Consumer; Attention Shoppers: Carbon Offsets in Aisle 6
Are you buying groceries at Whole Foods? You can pick up a $5 or $15 ”wind power card” as well. The money goes to Renewable Choice Energy, which uses it to support wind farms.
Taking a vacation? Book it through Travelocity, pay $10 to $40 more, and Travelocity will give the money to the Conservation Fund to plant enough trees to offset your share of the carbon that your plane, rental car and hotel stay will produce.
Call it Phase 2 of the corporate response to global warming. Companies that have been touting their own environmental responsibility are now saying to their customers, ”If you are concerned about global warming, don’t just put our money where your mouth is, put up some of your own.”
In the environmental community, the trend is playing to mixed reviews. Environmentalists fear that companies are ”absolving themselves of guilt for making gas guzzlers or being energy hogs,” as Daniel F. Becker, the director of the Sierra Club’s global warming program, put it. They fear that consumers who ease their consciences by writing a check may be less inclined to turn down the thermostat, car pool or weatherproof their homes.
Actually, most of the companies that are charging consumers for green energy have cleaned up their own acts. ”We’ve got solar roofs, we buy biomass, we do carbon credits, we compost waste and recycle our cardboard,” said Michael Besancon, the chairman of Whole Foods Market’s green mission task force. ”Why not make it easy and seamless for customers to be green, too?”
Similarly, Dell has been buying renewable energy and offering free recycling of computers. Soon it will have a program in which customers can pay an extra $2 for a notebook computer or $6 for a desktop. Dell will funnel the cash to the Conservation Fund and the Carbonfund, which will plant trees that absorb carbon dioxide. The idea is to offset emissions from producing the electricity used to run the computer.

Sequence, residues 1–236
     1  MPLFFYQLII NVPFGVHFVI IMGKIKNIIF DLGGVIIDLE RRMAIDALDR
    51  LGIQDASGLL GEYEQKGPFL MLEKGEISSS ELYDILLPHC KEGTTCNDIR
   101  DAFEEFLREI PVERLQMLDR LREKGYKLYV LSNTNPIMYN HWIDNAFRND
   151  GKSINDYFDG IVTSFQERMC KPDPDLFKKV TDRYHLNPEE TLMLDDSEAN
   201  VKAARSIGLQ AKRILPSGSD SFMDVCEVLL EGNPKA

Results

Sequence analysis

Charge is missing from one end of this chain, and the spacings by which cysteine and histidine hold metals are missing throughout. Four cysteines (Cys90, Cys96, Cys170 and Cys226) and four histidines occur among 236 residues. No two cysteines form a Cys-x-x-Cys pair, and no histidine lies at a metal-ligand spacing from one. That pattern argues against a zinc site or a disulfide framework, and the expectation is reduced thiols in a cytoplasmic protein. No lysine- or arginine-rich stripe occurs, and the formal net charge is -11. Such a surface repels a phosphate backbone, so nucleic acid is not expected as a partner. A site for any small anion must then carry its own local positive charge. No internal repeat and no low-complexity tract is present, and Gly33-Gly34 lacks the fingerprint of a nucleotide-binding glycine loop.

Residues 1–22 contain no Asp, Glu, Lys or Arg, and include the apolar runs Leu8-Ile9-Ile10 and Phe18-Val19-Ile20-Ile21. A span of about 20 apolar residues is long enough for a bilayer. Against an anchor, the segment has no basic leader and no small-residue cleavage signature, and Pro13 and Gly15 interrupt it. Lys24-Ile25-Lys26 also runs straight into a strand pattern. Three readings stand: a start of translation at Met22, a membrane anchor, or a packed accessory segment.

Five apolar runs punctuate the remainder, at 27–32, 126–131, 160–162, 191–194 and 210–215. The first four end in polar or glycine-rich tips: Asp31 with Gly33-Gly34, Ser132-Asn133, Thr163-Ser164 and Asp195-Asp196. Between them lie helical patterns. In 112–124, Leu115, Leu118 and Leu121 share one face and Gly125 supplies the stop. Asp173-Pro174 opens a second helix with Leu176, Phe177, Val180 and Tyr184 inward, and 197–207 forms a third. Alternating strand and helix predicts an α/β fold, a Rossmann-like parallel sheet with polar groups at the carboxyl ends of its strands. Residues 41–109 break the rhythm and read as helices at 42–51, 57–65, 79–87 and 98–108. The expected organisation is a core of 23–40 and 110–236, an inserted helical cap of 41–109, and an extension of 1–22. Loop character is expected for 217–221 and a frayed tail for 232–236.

”We’ve taken responsibility for design, manufacturing and end of life disposal, and now we’re offering consumers a convenient way to offset the climate implications of their usage,” said Tod Arbogast, Dell’s director of sustainable business.
But the concern that donations will create complacency is not as easily addressed. ”Helping consumers buy offsets is feel-good environmentalism that lets people duck out of responsibility for changing their behavior,” said Michael J. Brune, the executive director of Rainforest Action Network.
Mr. Becker of the Sierra Club is blunter: ”People view offsets as papal indulgences that let them make environmentally bad decisions.”
It is not a hollow concern. Sian Mooney, a professor at Boise State University who has written about the economic implications of climate change, said that her home was not well insulated, she did not buy green energy and she did not always rent ”green” cars. She spends $100 to $150 on carbon credits each year.
”It gives me ‘warm and fuzzies’ for doing something good,” Ms. Mooney said. ”But the way to get real carbon reductions is if people like me cut back on airplane flights and such.”
Most environmentalists concede that consumers are unlikely to make radical changes. But many also contend that the programs let consumers vote with their pocketbooks for carbon constraints.
”If the public shows that it cares enough to pay extra for greenness, it just might spur Congress to finally pass legislation,” said Eugene Linden, author of ”The Winds of Change,” which traces the effects of climate change on past civilizations.
The show of public support might also speed up the development of alternate energy sources, said Robert A. Sheppard, deputy director of corporate programs for Clean Air-Cool Planet, an environmental education group with a guide to Web sites selling carbon offsets. ”If consumers buy enough renewable energy credits, it will eventually expand the market for green energy,” he said.
That may be happening already. More utilities are giving residential customers the ability to pay extra for green power – electricity that is generated by windmills, solar cells or animal waste. They are not suggesting that the actual electrons flowing to the consumer’s home were generated from renewable sources, but that utilities will use the money to add green power to their grids.